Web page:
Phytoplankton distribution and survival in the thermocline

Sharples, Jonathan, C. Mark Moore, Tom P. Rippeth, Patrick M. Holligan, David J. Hydes, Neil R. Fisher, John H. Simpson

Limnol. Oceanogr., 46(3), 2001, 486-496 | DOI: 10.4319/lo.2001.46.3.0486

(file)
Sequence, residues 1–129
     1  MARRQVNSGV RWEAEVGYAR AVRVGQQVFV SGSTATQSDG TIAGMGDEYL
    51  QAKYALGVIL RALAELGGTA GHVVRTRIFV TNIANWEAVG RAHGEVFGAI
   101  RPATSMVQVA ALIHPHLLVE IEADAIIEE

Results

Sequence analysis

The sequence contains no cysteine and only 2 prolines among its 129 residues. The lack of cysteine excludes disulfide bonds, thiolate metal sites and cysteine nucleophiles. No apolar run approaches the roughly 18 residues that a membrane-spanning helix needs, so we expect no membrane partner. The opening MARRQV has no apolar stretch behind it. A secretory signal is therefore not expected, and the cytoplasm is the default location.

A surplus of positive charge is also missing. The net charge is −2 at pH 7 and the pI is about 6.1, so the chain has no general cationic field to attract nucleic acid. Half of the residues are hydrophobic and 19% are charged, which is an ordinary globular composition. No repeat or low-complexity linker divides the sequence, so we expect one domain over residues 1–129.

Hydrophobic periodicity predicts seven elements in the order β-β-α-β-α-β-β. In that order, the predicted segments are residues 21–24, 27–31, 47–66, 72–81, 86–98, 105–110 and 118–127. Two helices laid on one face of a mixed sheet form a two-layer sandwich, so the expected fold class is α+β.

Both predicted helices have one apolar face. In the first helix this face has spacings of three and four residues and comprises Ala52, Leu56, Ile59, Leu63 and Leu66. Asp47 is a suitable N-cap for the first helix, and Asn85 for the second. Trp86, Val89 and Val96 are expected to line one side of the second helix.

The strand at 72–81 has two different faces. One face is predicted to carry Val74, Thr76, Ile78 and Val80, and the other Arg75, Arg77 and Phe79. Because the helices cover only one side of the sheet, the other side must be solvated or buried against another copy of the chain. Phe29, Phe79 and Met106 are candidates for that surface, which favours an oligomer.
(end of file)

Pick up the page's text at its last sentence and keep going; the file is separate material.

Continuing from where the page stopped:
ABSTRACT: Observations of the vertical structure of density, concentrations of chlorophyll a and nitrate, and turbulent dissipation rates were made over a period of 25 h in a well-stratified shelf region in the Western English Channel, between neap and spring tides. Maximum turbulent dissipation at the base of the thermocline occurred almost 5 h after maximum tidal currents. This turbulence aids phytoplankton growth by supplying bottom-layer nutrients into the subsurface chlorophyll maximum but reduces phytoplankton concentrations in the thermocline by mixing cells from the base of the subsurface maximum into the bottom mixed layer. The turbulent dissipation observations were used to estimate an average nitrate flux into the thermocline of 2.0 (0.8-3.2, 95% confidence interval) mmol m-2 d-1, which is estimated to have been capable of supporting new phytoplankton growth at a rate of 160 (64-256) mg C m-2 d-1. Turbulent entrainment of carbon from the base of the subsurface biomass maximum into the bottom mixed layer was observed to be 290 (120-480) mg C m-2 d-1. This apparent excess export from the chlorophyll maximum is suggested to be a feature of the spring-neap cycle, with export dominating as the tidal turbulence increases toward spring tides and erodes the base of the thermocline. The observed rate of carbon export into the bottom mixed layer could account for as much as 25% of the gross annual primary production in stratifying shelf seas. Such turbulent losses, combined with grazing losses and low light levels, suggest that phytoplankton need to be highly adapted to environmental conditions within the thermocline in order to survive.

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